The Rain Heron: A Novel by Robbie Arnott (FSG Originals, $15.99, 9780374539306).

IndieBound: Other Indie Favorites

From last week's Indie bestseller lists, available at, here are the recommended titles, which are also Indie Next Great Reads:

The House on Vesper Sands: A Novel by Paraic O'Donnell (Tin House Books, $26.95, 9781951142247). "Paraic O'Donnell leavens the dark foreboding of a truly sinister, otherworldly mystery with distinctively clever storytelling and a decidedly marvelous cast of characters. You are in the best of hands with Inspector Cutter and Gideon Bliss on the case, along with the intrepid and resourceful reporter Octavia Hillingdon. Beautifully done!" --Peter Sherman, Wellesley Books, Wellesley, Mass.

The Center of Everything: A Novel by Jamie Harrison (Counterpoint, $26, 9781640092341). "This is a story about family, about history, and about love. The characters are like you and me; their stories are intertwined just as ours are, with a past and a hoped-for future. Author Jamie Harrison wields a mighty pen with precision and care, peopling her book with a myriad of interesting characters living believable lives. Her narrative is insightful and moving, and she has that rare gift of making a fictional story sound like the real thing." --Linda Bond, Auntie's Bookstore, Spokane, Wash.

Cleanness: A Novel by Garth Greenwell (Picador, $16, 9781250785664). "Cleanness is a trance-inducing read. I started this book and was immediately swept up in it, and before I knew it, hours had passed. Greenwell describes human relationships in raw, beautiful detail while also exploring the power dynamics at play. If Cleanness is not one of my favorite books of 2020, it will have been a spectacular year for books." --Hunter Gillum, Beaverdale Books, Des Moines, Iowa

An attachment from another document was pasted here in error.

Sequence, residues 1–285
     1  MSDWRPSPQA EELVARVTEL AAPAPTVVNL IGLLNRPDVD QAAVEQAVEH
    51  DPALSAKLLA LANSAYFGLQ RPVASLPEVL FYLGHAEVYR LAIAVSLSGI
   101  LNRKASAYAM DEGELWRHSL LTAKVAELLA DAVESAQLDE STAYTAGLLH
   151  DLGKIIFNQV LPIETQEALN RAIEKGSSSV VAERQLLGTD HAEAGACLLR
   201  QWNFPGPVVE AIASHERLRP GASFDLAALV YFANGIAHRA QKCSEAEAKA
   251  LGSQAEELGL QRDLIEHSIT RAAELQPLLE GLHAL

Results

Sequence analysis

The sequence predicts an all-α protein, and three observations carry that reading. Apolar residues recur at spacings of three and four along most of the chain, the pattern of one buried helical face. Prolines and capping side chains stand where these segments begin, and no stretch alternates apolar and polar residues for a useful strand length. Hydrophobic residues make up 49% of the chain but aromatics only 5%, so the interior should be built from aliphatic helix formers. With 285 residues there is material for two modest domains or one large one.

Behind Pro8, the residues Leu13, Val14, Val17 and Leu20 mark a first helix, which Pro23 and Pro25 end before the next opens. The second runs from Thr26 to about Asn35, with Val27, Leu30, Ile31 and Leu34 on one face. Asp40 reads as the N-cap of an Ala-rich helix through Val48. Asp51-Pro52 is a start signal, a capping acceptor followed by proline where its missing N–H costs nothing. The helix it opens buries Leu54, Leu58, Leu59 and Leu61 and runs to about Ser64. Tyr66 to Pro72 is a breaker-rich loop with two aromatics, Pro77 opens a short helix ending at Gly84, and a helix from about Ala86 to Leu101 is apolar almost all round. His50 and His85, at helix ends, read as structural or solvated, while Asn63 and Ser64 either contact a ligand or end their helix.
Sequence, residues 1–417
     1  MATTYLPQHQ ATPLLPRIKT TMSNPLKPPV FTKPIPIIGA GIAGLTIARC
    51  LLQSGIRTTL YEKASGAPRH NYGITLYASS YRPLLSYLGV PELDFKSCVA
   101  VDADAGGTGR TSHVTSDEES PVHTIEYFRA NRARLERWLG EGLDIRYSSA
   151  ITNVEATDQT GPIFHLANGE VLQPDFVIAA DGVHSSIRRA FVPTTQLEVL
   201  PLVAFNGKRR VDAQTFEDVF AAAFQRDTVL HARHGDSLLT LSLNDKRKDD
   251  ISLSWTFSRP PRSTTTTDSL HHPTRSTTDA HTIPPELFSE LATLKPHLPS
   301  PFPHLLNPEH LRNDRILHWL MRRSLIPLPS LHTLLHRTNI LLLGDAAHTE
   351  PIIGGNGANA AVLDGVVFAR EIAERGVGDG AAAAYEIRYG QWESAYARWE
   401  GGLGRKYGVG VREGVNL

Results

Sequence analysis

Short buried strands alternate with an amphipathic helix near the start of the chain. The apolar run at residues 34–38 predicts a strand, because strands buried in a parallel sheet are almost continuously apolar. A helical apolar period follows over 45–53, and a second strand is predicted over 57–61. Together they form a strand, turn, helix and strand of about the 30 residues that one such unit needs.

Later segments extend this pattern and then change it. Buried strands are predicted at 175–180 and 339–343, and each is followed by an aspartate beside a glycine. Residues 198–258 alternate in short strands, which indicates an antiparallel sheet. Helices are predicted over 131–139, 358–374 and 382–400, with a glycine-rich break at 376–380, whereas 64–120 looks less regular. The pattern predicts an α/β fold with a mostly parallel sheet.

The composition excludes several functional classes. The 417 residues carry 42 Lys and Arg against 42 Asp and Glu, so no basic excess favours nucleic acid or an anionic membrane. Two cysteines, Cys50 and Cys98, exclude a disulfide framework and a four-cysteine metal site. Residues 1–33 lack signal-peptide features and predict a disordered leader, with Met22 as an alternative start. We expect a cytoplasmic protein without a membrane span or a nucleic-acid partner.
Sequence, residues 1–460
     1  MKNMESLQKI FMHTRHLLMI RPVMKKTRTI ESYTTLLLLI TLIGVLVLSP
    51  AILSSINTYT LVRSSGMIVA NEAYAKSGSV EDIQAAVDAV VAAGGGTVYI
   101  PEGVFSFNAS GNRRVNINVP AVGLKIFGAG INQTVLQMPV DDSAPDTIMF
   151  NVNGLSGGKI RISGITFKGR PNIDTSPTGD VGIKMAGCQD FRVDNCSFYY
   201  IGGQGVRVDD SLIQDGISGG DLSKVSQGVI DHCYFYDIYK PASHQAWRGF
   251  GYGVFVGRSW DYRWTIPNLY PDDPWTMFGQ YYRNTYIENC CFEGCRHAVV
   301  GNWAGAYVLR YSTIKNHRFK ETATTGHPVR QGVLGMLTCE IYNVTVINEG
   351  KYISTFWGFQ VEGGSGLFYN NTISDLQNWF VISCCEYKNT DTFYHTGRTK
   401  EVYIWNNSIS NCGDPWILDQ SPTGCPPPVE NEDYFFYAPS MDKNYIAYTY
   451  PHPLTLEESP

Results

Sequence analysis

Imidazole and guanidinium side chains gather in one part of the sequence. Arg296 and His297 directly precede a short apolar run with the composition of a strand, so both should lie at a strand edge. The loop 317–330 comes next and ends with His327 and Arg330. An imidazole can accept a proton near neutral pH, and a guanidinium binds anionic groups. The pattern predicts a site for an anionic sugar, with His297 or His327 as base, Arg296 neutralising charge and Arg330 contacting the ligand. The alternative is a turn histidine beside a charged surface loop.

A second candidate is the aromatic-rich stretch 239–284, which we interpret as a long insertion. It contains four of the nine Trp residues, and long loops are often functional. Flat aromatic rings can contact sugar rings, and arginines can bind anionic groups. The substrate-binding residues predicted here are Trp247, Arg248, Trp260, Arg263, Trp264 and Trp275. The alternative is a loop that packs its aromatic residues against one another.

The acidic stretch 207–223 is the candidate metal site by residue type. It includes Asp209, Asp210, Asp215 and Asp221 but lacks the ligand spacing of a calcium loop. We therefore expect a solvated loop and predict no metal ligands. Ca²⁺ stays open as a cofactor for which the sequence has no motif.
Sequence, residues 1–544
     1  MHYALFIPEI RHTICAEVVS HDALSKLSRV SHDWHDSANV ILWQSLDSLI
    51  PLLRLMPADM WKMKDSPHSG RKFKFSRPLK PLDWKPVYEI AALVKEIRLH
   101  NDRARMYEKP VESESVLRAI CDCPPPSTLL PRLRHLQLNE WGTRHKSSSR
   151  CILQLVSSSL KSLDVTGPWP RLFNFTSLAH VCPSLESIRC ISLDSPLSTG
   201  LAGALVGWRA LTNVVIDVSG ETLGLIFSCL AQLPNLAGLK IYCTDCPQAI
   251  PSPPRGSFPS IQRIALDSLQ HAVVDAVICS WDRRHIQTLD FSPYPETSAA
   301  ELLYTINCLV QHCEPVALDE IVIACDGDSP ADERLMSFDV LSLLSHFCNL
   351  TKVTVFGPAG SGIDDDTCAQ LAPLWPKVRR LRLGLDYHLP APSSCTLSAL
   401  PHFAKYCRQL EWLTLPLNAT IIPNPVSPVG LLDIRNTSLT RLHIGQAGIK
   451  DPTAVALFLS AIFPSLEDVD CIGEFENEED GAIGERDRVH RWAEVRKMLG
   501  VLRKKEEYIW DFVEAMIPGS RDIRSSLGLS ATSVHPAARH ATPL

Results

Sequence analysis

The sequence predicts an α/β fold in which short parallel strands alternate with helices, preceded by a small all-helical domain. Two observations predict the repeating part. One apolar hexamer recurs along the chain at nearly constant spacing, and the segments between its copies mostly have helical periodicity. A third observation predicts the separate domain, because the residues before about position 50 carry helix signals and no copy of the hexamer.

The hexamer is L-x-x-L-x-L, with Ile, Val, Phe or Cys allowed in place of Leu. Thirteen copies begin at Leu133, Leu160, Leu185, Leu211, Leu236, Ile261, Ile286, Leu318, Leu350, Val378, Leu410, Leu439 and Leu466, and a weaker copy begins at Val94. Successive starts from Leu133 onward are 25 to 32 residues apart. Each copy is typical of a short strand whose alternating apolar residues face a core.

For Ages 4 to 8
Oona by Kelly DiPucchio, illus. by Raissa Figueroa (Katherine Tegen Books, $17.99, 9780062982247). "I am in love with this book: the characters, the storytelling, the art, the message--everything. Oona the mermaid and her best friend, Otto the otter, live in a dreamy ocean world filled with adventure and laughter. Oona has a passion for finding, collecting, and creating, which leads to some serious trouble but also some great problem-solving. It's impossible to finish this book without feeling like you have two new friends--and perhaps a sudden desire to make something fantastic of your own." --Brittany Baker, Trident Booksellers & Café, Boston, Mass.

For Ages 9 to 12
Legacy: Women Poets of the Harlem Renaissance by Nikki Grimes (Bloomsbury Children's Books, $18.99, 9781681199443). "This incredibly well-constructed book of historical poetry by many women, Golden Shovel poetry by the book's author, and art by Black illustrators is ideal for all ages even though it's listed as a middle-grade book. My kindergartener loved looking at the pictures and talking about what they mean, and I found so much meaning in the Harlem Renaissance poetry as well as in Nikki Grimes' works based on those poems. This is a must-have book for families, school libraries, and educational settings." --Emily Autenrieth, A Seat at the Table Books, Elk Grove, Calif.

For Teen Readers